Articles

Making Sense from Sensors: How to Build a Sensor Fusion Engine

The presence of more than 1 billion sensor-rich smartphones and the intense interest surrounding the Internet of Things has drawn wide attention to all the potential and possibilities of sensor fusion engines. Availability of context data and general real-world data in digital format opens up many opportunities.

Posted in: Articles, Sensors, Mathematical models, Computer software and hardware, Sensors and actuators
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NASA's Game-Changing Robotics

“Over the years, I’ve asked people, ‘If you had a robot, what would you want it to do for you?’” said Rob Ambrose, principal investigator for NASA’s Game Changing Development Program and chief of the Software, Robotics, and Simulation Division at NASA’s Johnson Space Center. When he asks astronauts, they usually tell him they want the robot to do chores.

Posted in: Articles, Aerospace, Robotics, Maintenance, repair, and service operations, Product development, Robotics, Spacecraft
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Primer Stops Corrosion Without Requiring Rust Removal

Coating used on launch pads protects bridges, condominiums, and other structures from corrosion.

In the mid-1990s, Surtreat Holding LLC, based in Pittsburgh, PA, developed two corrosion inhibitors that worked by chemical means, and were designed to be applied to the surface of concrete, where they would migrate to the steel rebar inside. By 1996, the formulas still had not been formally tested and validated.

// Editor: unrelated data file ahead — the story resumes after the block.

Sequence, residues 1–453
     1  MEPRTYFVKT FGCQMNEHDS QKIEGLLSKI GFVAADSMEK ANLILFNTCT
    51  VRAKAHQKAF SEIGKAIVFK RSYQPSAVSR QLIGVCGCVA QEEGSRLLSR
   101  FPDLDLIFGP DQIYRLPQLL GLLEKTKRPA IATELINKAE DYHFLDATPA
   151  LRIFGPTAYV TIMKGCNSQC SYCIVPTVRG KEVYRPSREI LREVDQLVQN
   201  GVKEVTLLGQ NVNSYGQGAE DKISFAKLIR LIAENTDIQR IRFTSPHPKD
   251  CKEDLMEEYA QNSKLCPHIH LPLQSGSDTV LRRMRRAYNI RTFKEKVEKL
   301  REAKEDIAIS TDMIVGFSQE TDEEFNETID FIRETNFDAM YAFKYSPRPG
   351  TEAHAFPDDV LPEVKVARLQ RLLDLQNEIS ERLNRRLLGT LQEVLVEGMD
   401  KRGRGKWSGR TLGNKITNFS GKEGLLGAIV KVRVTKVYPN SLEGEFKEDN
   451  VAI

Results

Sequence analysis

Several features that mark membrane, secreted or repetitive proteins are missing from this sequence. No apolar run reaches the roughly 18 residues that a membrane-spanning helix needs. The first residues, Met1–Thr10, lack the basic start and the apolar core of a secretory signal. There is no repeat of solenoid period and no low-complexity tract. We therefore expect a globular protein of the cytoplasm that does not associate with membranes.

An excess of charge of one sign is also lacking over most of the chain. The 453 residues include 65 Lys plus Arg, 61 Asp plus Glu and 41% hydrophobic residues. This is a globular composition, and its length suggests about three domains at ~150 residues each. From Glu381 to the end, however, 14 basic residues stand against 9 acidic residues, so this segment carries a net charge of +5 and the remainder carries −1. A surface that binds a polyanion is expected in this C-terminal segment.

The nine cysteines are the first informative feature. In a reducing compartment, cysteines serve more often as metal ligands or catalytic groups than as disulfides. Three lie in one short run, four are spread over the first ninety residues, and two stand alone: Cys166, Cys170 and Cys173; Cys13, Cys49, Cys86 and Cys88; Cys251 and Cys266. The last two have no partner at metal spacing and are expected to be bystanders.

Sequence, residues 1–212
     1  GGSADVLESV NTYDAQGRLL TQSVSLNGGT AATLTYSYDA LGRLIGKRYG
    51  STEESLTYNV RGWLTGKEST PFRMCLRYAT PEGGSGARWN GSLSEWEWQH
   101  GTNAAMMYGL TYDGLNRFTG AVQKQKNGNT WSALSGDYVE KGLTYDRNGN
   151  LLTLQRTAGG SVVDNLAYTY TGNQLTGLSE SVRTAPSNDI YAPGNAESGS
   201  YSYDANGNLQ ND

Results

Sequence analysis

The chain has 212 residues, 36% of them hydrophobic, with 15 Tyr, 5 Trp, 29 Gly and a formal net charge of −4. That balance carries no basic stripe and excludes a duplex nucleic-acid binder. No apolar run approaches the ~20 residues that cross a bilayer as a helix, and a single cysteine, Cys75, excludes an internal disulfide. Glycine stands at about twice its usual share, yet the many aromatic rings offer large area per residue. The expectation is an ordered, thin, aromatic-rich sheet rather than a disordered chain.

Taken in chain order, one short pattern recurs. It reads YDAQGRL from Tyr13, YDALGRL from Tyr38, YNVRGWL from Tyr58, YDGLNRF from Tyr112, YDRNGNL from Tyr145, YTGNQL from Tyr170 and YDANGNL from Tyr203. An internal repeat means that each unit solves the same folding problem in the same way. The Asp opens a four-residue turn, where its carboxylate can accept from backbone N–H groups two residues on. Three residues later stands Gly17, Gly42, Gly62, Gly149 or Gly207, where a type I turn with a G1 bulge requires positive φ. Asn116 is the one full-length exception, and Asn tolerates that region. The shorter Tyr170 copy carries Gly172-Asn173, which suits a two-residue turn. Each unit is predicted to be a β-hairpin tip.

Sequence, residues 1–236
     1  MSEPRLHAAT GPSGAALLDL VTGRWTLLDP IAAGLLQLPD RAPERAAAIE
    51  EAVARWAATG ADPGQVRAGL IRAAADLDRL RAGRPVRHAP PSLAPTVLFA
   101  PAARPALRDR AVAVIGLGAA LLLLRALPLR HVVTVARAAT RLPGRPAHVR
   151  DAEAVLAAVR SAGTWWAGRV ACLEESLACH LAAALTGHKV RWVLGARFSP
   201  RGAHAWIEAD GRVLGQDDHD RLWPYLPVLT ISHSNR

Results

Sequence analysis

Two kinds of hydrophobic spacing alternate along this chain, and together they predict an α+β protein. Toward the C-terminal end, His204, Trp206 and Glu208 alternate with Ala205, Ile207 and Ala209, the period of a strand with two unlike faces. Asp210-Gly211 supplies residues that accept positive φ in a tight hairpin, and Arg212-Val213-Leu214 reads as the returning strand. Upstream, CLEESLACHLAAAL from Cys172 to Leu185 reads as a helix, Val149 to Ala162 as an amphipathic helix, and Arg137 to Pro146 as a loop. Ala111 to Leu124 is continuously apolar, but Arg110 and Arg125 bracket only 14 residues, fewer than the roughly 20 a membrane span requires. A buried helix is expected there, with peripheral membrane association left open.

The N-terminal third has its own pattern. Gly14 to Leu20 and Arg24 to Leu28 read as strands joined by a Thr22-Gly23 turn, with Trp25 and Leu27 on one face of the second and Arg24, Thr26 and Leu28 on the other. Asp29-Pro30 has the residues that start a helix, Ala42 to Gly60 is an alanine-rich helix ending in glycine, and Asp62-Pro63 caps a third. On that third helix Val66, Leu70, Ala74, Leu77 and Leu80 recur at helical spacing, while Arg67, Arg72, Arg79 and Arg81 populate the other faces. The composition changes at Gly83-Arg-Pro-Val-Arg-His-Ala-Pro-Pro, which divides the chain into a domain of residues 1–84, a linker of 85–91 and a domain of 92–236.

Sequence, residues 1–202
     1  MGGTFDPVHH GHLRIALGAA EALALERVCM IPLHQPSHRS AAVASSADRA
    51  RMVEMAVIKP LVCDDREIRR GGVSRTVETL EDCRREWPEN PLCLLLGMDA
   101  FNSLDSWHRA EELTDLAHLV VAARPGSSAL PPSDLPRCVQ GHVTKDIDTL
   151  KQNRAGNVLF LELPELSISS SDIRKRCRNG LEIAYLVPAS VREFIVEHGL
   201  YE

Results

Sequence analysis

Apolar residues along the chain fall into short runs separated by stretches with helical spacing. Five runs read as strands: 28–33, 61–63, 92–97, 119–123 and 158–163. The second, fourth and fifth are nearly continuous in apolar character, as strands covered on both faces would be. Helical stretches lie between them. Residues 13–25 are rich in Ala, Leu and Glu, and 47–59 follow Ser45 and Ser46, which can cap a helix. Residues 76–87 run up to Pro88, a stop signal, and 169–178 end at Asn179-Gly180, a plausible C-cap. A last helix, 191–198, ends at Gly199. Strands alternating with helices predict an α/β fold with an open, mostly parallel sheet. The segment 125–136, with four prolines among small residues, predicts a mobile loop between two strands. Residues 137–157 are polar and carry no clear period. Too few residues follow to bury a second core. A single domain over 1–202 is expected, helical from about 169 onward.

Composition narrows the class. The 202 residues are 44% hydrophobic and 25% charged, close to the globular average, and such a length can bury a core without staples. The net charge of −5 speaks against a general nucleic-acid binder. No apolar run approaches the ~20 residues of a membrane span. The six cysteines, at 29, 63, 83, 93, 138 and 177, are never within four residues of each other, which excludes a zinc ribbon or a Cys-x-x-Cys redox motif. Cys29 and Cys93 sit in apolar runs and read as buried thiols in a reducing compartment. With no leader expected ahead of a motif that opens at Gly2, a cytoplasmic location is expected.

Posted in: Articles, Coatings & Adhesives, Air transportation facilities, Coatings, colorants, and finishes, Corrosion, Iron
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NASA’s Infrared Sensor Spots Near-Earth Asteroids

The Near-Earth Object Camera (NEOCam) is part of a proposed NASA mission to find potentially hazardous asteroids. In a Q&A with Photonics & Imaging Technology, NEOCam principal investigator Amy Mainzer ex plains how the NEOCam chip, a stamp-sized mega pixel infrared sensor, detects the faint heat emitted by near-Earth objects circling the Sun.